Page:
Presentation on theme: "Deconstructing 21st Century CSOs"— Presentation transcript:
1Deconstructing 21st Century CSOs What Do We Expect Students to Learn?Title I School Improvement CoordinatorsErin Sullivan & Gail VarneyWVDE Title I CoordinatorsLimited paper copies will be used for this conference. However, all of the presentations are now posted on the Title I website. If you want hard copies of the sessions, you may want to print the PPs or create a file on your desktop and add the presentations. That way you can take notes at the bottom of the slides using your computer. The presentation materials can be accessed atSeveral presentations are available under the “PRESENTATIONS” tab on TEACH Provide background of this presentation – how it has been used by our office. Four driving PLC questions.
2Session GoalsUnderstand the change in the rigor and relevance of the revised CSOs.Participate in a process of deconstructing the CSOs that ensures teachers understand the depth of knowledge and what reasoning and skills students will be expected to master.Understand that the deconstructed CSOs form the basis of designing assessments and selecting appropriate instructional strategies.WV has gone to a Standards based instructional format. CSOs have been revised to align with the NAEP standards. CSOs address 21st Century real-world knowledge and skills.
3Three Ways to Improve Student Learning Raise the level of rigor in the content standards and objectives.Increase the skill and knowledge of teachers in teaching the content.Engage students in active learning designed around the standards for content, learning skills and technology tools.The role of classroom teachers is to strive toward reaching these goals. By engaging students in active learning that is not text-book driven, rather is designed around the standards for content, learning skills and technology tools; teachers will increase the rigor of instruction in their classrooms.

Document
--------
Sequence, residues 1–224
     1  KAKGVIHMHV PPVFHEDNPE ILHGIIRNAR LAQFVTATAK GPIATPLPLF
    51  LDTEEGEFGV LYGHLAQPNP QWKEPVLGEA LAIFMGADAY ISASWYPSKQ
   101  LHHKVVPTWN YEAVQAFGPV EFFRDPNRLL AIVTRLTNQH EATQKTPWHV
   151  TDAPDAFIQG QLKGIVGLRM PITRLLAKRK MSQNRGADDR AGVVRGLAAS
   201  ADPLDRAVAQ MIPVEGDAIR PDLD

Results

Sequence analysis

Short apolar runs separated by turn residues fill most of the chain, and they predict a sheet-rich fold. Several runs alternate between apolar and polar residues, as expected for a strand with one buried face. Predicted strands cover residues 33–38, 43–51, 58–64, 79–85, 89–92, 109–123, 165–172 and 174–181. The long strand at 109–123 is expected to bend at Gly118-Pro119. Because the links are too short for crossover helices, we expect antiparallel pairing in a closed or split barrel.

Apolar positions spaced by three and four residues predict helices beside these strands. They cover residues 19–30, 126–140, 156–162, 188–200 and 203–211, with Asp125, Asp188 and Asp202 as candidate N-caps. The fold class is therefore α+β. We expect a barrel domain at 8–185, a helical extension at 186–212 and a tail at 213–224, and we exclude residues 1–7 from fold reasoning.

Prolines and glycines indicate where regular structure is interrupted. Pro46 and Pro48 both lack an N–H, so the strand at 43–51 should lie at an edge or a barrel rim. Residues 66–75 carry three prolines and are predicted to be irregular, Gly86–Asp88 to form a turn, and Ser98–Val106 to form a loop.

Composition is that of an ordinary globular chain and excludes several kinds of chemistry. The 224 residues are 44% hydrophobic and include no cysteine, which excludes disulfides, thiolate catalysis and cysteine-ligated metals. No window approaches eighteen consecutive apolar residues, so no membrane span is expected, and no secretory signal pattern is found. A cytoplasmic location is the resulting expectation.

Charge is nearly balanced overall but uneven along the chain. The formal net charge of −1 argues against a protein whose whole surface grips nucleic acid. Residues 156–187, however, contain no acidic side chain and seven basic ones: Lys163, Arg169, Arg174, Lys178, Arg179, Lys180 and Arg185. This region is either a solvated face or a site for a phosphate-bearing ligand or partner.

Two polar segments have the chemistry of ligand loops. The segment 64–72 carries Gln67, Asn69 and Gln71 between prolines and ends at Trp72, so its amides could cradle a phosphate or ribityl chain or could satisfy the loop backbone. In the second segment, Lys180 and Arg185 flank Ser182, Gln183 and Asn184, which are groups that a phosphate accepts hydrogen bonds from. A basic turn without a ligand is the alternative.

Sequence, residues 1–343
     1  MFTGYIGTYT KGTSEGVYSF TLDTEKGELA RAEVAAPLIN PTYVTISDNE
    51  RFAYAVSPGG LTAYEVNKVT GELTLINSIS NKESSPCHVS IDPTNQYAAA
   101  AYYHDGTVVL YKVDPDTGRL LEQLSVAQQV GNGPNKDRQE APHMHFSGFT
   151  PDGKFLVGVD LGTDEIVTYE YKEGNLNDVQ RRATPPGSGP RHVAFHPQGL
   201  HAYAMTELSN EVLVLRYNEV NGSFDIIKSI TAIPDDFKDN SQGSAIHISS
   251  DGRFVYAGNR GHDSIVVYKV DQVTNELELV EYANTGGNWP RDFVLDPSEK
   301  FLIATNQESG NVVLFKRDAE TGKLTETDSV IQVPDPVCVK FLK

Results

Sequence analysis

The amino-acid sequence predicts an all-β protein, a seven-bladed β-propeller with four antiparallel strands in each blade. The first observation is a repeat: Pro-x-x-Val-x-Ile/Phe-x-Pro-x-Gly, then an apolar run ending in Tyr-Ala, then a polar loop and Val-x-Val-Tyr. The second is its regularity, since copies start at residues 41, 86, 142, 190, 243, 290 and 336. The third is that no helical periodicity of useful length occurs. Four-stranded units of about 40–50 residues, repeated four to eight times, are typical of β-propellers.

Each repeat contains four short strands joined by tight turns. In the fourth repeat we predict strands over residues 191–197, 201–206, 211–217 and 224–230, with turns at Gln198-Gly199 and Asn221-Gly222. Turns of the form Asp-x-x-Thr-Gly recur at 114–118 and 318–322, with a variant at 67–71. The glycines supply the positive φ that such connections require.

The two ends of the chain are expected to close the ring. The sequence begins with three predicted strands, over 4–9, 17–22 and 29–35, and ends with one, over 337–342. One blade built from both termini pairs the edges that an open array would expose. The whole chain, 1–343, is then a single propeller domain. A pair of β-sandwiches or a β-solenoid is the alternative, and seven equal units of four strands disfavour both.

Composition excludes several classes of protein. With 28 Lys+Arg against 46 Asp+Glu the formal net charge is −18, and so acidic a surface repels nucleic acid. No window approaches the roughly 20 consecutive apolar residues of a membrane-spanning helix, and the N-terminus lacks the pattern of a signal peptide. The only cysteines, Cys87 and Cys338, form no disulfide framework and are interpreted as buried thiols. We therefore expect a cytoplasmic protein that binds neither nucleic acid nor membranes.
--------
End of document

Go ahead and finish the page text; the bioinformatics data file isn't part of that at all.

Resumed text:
4The Rigor/Relevance Framework DGTAXONMYCAssimilation654321DAdaptationEvaluationSynthesisAnalysisApplicationAAcquisitionBApplicationUnderstandingThis visual captures our goal for 21st century curriculum in West Virginia schools. Our goal for the 21st century learner is to move both learning experiences and assessment into the D Quadrant of the Rigor and Relevance Framework. This Framework is a tool developed by the staff of the International Center for Leadership in Education to examine curriculum, instruction and assessment. The Rigor/Relevance Framework is based on two dimensions of higher standards and student achievement.First, there is the continuum of knowledge that describes the increasingly complex ways in which we think. The Knowledge Taxonomy is based on the 6 levels of Bloom’s Taxonomy. The low end of the continuum involves acquiring knowledge and being able to recall or locate that knowledge in a simple manner. The high end of the Knowledge Taxonomy labels more complex ways in which individuals use knowledge. At this level, knowledge is fully integrated into one’s mind. They can take several pieces of knowledge and combine them in both logical and creative ways. Assimilation of knowledge is a good way to describe this high level of the thinking continuum. Assimilation is often referred to as a higher-order thinking skill. At this level the student can solve multi-step problems and create unique work and solutions.The application Model, or the second continuum, is one of action. The five levels of this continuum describe putting knowledge to use. While the low end is knowledge acquired for its own sake, the high end signifies action-sue of that knowledge to solve complex real-world problems and to create projects, designs, and other works for real-world situations.AwarenessApplyacrossdisciplinesApply toreal worldpredictablesituationsApply to real-worldunpredictablesituationsKnowledgeApply indisciplineAPPLICATION MODEL
5RLA CSO Comparison – Grade 4 Previous PolicyRLA Summarize the author’s purpose (e.g., to persuade; to inform; to determine a specific viewpoint).Revised PolicyRLA.O Determine author’s purposes in literary and informational texts and use supporting material to justify author’s intent:To persuadeTo entertainTo informTo determine a specific viewpointNow, let’s take a brief look at how the COSs have changed – how complex they now are.Show the previous CSO (left) and ask if that could be “taught” in one period. Show the new CSO and ask the same thing.In the previous policy, “e.g.” were suggestions, not requirements. A teacher could have simply selected one and taught it in isolation. However, with the revised policy, the instruction must be developed over a period of time.